Lydia Stahl

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Lydia Stahl (1885-?) was a Russian-born secret agent who worked for Soviet Military Intelligence in New York and Paris in the 1920s and 1930s.

Early life[edit]

Lydia Stahl was born Lydia Chkalova in Rostov-on-Don, Russian Empire, in 1885.

Personal life[edit]

Lydia Stahl obtained her last name when she married Boris Stahl, a Russian nobleman (baron). He later divorced her and emigrated to the United States with his new wife.

Career[edit]

In 1921, while a refugee in Finland she joined the Soviet secret service. Lydia Stahl had befriended the Finnish writer Hella Wuolijoki and was a regular visitor to her manor house Marlebäck in Iitti, Finland, which was a meeting place for leftist intellectuals and politicians. Through her relationship with Finnish communist politician Otto Kuusinen, she had also met the American radical, journalist John Reed, and maintained correspondence with him until Reed's death in 1920.

During the 1920s, Lydia established a photography studio in Paris where she copied secret documents for Soviet Military Intelligence. In June 1928 she was transferred to New York City to help the Soviet Union's Main Intelligence Directorate (GRU) rezident Alfred Tilton. Her second trip to New York took place in December 1931. Then she returned to Paris to work for the network which included Robert Gordon Switz who led his own group. Lydia's ami was the French professor Louis Pierre Martin, codebreaker and translator for the Naval Ministry and member of the Legion of Honor.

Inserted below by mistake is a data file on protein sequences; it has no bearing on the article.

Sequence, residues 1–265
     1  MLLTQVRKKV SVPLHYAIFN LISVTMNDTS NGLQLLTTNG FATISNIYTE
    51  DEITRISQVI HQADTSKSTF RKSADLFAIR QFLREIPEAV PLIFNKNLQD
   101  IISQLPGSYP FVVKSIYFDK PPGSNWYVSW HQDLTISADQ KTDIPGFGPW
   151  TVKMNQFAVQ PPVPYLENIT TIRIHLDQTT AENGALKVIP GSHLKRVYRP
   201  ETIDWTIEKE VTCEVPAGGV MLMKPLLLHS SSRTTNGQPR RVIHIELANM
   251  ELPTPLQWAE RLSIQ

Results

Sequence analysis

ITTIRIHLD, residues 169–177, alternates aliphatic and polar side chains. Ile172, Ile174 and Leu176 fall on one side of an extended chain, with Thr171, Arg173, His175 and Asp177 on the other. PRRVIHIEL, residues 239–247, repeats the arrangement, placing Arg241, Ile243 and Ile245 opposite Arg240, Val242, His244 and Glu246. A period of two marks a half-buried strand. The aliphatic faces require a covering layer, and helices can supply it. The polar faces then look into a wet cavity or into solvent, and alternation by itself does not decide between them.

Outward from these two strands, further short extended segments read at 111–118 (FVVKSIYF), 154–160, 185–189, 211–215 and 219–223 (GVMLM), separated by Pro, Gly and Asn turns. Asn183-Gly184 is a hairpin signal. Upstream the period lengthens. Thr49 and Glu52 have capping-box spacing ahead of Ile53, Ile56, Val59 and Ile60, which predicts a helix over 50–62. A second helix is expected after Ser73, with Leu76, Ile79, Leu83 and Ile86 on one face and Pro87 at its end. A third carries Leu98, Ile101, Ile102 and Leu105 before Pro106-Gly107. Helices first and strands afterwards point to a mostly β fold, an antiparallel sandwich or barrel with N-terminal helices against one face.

Arrest[edit]

In 1933, counterintelligence agencies uncovered an espionage network in Finland which included Tilton's wife Maria, Lydia's friend Ingrid Boström, and Finnish-American Arvid Jacobson. Boström provided information which led the French counterintelligence to Lydia. She was arrested in Paris in December 1933; other members of the network, including Switz and his wife, were arrested shortly afterward. Lydia Stahl was convicted of espionage in April 1935 and served a four-year sentence.

She disappeared after her release from French prison. According to some unverified reports, she continued working for the Soviet intelligence and lived in Argentina after World War II.[1]

References[edit]

  1. ^ Baker, Robert K. (2015). Rezident: The Espionage Odyssey of Soviet General Vasily Zarubin. Bloomington, IN: iUniverse. pp. 161–165. ISBN 978-149-17424-1-9.

Sources[edit]

  • Golden Age in Soviet Espionage By Josh Lerner Air Intelligence Agency
  • Petri Liukkonen. "John (Silas) Reed". Books and Writers
  • Inserted statement of Nicholas Dozenberg, hearings 8 November 1949, U.S. Congress, House of Representatives, Committee on Un-American Activities, 81st Cong., 1st and 2d session.
  • David Dallin, Soviet Espionage, Yale University Press, 1955.
  • John Earl Haynes and Harvey Klehr, Venona: Decoding Soviet Espionage in America, Yale University Press (1999), pgs. 380, 471.
  • Walter Krivitsky, In Stalin's Secret Service, Enigma Books, 2000.

William T. Murphy,"Lydia Stahl: A Secret Life, 1885-?," Journal of Intelligence History,2019. [1]